So where do we find the most sophisticated insight — something with a strong scientific grounding — on possible scenarios for Earth’s future? The Climate Lab at The Washington Post answers the call, presenting 1,200 scenarios, published 12/1/22.
Every country of course has its own version of Earth’s climate crisis. What is yours? Find out here in this New York Times piece (January 2021) that shows exactly what areas across the globe are at most risk.
Here are five excellent BBC articles, reminding us of the basics:
- What is climate change?
- Climate-related words and phrases explained
- How much warmer is your city?
- What is your diet’s carbon footprint?
- Where we are in seven charts
Check this out for wise, visionary and selfless corporate leadership that prioritizes people and planet, not profit: Yvonne Chouinard gives Patagonia away in the name of saving our only home.
This is but one of the latest warnings from scientists (8/29/22): The Greenland ice sheet is soon to add a foot to ocean sea levels.
And what is happening in the fastest warming place on Earth, Svalbard?
To keep up to date, here is news on one of the latest climate conferences: The Africa Adaptation Summit, September 5, 2022.
The New York Times’s Tim McDonnell, reporting from Cairo, takes a thorough look at the remarkable ways humans are transforming our approach to species preservation.
In comprehensive and intimidating (and temporary!) conclusion to this section of our site, here’s a sophisticated and objective climate overview for our entire home planet: The United Nations Intergovernmental Panel on Climate Change Sixth Assessment Report, Climate Change 2021, The Physical Science Basis. It was finalized on 6 August 2021.
For further investigation into the complexities of humanity’s climate crisis, we also recommend these two brilliant books:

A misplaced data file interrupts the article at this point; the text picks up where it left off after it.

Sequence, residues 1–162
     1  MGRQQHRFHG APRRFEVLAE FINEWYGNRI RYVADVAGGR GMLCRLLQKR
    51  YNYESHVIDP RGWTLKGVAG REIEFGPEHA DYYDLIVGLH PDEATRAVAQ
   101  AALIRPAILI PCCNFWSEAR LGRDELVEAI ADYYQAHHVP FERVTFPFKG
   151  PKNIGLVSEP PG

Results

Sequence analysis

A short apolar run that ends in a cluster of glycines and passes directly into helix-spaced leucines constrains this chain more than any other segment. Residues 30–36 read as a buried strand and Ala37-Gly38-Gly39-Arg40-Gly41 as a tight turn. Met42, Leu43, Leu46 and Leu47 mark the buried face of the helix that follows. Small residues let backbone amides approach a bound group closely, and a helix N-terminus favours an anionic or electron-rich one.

The first — Half-Earth: Our Planet’s Fight for Survival, by E. O. Wilson — examines how humanity has become both the architect and ruler of our anthropocene era, showing how this severely affects all sentient beings. Edward Osborne Wilson, who died this past December at age 91, was a world reknowned biologist, humanist, and distinguished professor at Harvard University. Author of many books, the world’s leading expert on ants (myrmecology), founder of the Biophilia hypothesis (with Dr. Stephen Kellert), Professor Wilson twice won the Pultizer Prize for General Non-fiction.
The next — Beyond Words, by Carl Safina — examinines how animals think and feel. The author is a professor and ecologist at Columbia University in New York City. Based on the lives of elephants, wolves, and killer whales, it is a humbling investigation into the ways in which humans have dramatically misunderstood — at our intense peril — how our fellow riders on Earth make their well considered way in life.
We must not only re-wild the planet, we must understand clearly how we are fast using its limited mineral resources, most dramatically by building electric vehicles. It’s instructive and worrisome to see how the top five minerals used in EV production are being mined around the world.